Should American taxpayers be required to support church-related schools?

More and more public money is being appropriated for sectarian education, but a legal test may finally be at hand.

Last October the U. S. Supreme Court agreed to rule on whether taxpayers have standing to bring suit against state agencies that subsidize church related schools. A decision is pending.

Now the high court has also agreed to decide on the constitutionality of a New York law requiring the state’s public-school systems to lend textbooks to parochial-school students.

“If it should permit taxpayers to challenge federal spending programs on church-state grounds, and if the justices should strike down the New York school book law, the entire federal program of aid to pupils in church-related schools would be placed in jeopardy,” said a report in the New York Times.

The latest action by the Supreme Court was to hear an appeal by the school board of East Greenbush, New York, a suburb of Albany, and other upstate school officials. New York is one of seven states that lend state-owned textbooks to parochial-school students. The New York law directs school districts to lend fifteen dollars in textbooks each year to each pupil in grades seven through twelve in private schools. About $25 million is spent annually.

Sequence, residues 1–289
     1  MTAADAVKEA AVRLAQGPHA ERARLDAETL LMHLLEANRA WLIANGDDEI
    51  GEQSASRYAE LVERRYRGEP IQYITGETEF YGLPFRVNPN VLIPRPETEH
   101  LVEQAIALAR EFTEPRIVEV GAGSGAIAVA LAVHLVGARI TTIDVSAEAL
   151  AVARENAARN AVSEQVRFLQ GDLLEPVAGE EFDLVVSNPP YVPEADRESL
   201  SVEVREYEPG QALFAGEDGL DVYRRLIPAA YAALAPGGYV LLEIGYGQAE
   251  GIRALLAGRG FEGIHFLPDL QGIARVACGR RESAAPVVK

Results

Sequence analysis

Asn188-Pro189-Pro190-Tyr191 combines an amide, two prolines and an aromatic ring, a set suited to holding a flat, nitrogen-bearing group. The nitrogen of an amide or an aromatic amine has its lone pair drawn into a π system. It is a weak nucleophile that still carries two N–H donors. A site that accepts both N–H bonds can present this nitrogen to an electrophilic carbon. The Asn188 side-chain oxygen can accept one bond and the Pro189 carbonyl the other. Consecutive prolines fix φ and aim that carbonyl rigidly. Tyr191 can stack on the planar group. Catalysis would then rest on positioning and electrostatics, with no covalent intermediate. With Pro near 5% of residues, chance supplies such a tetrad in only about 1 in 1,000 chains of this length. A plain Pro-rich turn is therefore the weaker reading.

The New York Supreme Court declared the textbook law unconstitutional. But the Appellate Division reversed that ruling, and the East Greenbush case was appealed to the U. S. Supreme Court.

The federal government now spends about $60 million a year to purchase textbooks and provide specialized instruction for pupils in church schools.

The money line separating church and state has deteriorated steadily in recent years. Government agencies ...

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